The Federal Home Loan Bank Board has increased by $2 billion the amount of money savings and loan associations can lend to prospective home buyers.
The board's action, announced yesterday, was intended to make up for slowdown in savings deposits. The board cut from 7 to 6.5 percent the amount of assets an S&L must hold as cash and cannot lend to customers.
The board said the cut in its so-called liquidity requirement would become effectice May 1.
In recent months, consumers have reduced the amount of money they have deposited in savings and loan associations because other investments have become more attractive.
Savings and loan associations make most of the home loans in the country The Federal Home Loan Bank Board regulates all federally chartered S&L, which control most of the S&L deposits in the country.
As interest rates on market instruments like Treasury bills rise, depositors after take their funds out of S&Ls or commercial banks, where the interest that can be earned is fixed, and invest in securities such as Treasury bills, where the interest is not fixed.
Because short-term interest rates have been rising in recent months, more and more investors are taking their money out of passbook account to get higher rates.
Federally chartered S&Ls can pay no more than 5.25 percent interest on a passbook account. Treasury bills that mature in 90 days are now paying about 6.3 percent, while 180-day bills are in the 6.7 percent range.
Because Treasury bills must be purchased in minimum denominations of $10,000, many small investors are forced to keep their money in S&Ls, even though they might like to invest in government securities.
Although the amount of funds available to S&Ls has not been growing as fast as demand for housing loans and mortgage rates are rapidly closing in on 10 percent in many parts of the country - conditions are far from those that occured in 1974 when savings and loan associations found themselves losing more deposits than they took in and mortgage money became almost impossible to find in some states at any interest.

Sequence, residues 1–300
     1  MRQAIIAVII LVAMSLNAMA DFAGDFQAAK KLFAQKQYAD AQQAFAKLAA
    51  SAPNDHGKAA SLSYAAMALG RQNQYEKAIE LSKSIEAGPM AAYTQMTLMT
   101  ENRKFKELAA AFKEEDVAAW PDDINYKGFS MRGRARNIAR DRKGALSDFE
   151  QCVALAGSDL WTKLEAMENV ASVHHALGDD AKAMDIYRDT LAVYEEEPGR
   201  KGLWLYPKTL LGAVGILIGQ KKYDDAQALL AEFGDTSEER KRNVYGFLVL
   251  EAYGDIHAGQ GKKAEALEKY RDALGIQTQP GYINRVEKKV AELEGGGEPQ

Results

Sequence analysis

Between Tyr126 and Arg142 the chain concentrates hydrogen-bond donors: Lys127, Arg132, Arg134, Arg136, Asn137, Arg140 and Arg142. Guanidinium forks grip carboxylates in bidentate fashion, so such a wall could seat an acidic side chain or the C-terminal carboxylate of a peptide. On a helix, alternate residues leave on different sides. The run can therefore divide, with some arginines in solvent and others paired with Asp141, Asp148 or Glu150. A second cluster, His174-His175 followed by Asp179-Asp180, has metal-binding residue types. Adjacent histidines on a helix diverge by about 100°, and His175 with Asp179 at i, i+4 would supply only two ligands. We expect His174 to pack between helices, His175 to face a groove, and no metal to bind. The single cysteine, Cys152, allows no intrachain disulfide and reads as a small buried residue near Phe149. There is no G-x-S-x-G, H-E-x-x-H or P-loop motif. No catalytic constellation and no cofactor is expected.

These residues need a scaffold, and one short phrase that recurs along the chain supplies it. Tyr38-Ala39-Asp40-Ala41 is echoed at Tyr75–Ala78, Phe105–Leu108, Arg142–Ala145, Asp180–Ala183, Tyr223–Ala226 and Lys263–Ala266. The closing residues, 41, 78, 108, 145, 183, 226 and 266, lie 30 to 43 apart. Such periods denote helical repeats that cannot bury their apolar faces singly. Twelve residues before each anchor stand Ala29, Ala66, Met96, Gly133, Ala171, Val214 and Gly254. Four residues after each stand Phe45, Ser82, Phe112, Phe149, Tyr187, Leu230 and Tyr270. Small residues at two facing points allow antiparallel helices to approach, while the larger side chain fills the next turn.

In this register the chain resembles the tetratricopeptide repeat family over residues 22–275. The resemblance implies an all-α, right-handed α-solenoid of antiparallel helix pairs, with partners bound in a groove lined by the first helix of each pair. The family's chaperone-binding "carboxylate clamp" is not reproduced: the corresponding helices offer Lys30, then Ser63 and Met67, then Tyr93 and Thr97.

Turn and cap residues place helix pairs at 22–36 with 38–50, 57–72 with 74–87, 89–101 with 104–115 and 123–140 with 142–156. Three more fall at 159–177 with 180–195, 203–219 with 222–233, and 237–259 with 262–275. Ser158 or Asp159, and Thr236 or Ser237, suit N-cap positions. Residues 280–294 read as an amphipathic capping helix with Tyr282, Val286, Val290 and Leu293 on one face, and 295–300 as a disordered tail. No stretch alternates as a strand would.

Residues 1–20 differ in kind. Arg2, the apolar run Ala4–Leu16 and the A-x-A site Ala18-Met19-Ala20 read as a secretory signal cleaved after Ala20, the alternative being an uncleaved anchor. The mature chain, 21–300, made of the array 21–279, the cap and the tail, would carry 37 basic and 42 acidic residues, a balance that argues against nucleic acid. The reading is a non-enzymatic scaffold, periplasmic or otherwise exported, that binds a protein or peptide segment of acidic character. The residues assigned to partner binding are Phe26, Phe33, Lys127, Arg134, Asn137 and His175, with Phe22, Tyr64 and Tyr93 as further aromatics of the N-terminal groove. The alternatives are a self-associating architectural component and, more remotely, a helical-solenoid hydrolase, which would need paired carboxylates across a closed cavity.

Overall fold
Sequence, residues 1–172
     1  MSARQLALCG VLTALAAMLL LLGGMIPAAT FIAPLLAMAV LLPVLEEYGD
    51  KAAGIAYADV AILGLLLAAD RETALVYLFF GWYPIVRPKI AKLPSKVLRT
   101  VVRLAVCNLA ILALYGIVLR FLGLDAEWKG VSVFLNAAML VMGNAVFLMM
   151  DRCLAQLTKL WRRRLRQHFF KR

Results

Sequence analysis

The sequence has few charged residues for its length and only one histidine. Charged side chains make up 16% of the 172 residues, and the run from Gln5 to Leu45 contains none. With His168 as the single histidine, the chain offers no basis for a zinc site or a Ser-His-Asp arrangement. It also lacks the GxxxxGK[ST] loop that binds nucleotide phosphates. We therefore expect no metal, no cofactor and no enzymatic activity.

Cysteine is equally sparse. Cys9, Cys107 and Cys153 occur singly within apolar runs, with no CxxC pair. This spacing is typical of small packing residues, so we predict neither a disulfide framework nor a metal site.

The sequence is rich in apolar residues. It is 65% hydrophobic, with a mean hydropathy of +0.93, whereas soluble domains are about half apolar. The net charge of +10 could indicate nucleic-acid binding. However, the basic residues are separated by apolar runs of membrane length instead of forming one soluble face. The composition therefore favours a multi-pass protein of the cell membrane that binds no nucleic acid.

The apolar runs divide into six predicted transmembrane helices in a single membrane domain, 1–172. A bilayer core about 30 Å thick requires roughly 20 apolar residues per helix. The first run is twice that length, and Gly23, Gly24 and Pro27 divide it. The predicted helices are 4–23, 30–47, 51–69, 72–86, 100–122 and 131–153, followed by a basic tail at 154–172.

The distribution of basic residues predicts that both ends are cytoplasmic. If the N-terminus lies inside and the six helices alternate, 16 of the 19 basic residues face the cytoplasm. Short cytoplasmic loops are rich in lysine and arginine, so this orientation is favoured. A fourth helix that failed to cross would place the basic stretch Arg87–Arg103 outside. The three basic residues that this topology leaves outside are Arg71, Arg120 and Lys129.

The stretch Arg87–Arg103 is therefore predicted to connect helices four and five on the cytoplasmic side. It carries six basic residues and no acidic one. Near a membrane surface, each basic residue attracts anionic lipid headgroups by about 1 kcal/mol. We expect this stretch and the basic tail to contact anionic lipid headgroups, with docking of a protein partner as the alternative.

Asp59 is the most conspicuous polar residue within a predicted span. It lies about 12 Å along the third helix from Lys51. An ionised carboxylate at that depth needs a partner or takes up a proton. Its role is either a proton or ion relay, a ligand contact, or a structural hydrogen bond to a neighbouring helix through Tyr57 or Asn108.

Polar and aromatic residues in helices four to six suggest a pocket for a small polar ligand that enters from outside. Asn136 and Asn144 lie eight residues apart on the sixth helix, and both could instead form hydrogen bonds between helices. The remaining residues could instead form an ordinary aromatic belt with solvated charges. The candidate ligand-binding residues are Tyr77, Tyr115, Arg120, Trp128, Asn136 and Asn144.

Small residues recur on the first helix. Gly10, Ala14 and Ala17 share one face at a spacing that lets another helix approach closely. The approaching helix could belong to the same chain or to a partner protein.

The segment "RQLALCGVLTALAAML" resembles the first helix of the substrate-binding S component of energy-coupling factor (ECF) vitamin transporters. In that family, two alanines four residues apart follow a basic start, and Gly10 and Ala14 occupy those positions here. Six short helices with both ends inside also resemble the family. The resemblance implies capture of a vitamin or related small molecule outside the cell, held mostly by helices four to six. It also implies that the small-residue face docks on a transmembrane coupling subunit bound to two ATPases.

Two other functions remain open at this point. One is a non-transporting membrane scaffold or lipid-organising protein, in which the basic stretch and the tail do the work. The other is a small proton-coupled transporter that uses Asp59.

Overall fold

Bank board chairman McKinney pointed out that the board has already taken steps to increase the amount of funds available to S&Ls to lend.
"Since mid-1977, federal home loan bnaks have increased the level of advances outstanding to member thrift institutions by $6.2 billion, thus permitting member thrift institutions to offset a large part of the reductions in savings inflows."
McKinney promised that if conditions appeared to warrant it, the board would have no qualms about further reducing the liquidity reserves.
Although economists expect interest rates to keep rising for a while, no one anticipate anything like the credit crunch of 1974 reappearing.
For one thing, savings and loan associations have a large percentage of their deposits in long-term certificates of deposits which pay higher interest rates than passbooks and also demand a penalty from the depositor who withdraws his funds before the maturity date.
For another the difference between passbook rates of interest and the rates a consumer can obtain by buying U.S. Treasury securities is much smaller than in 1974 and is expected to remain so. Nonetheless, Federal Reserve Board chairman G. William Miller had told Congress that the ceiling rates on savings deposits probably will have to be raised if interest rates keep rising.
While commercial banks also experience savings reductions or outflows during periods of rising rates, banks have more kinds of assets than do S&Ls, whose loan portfolios are concentrated in home mortgages.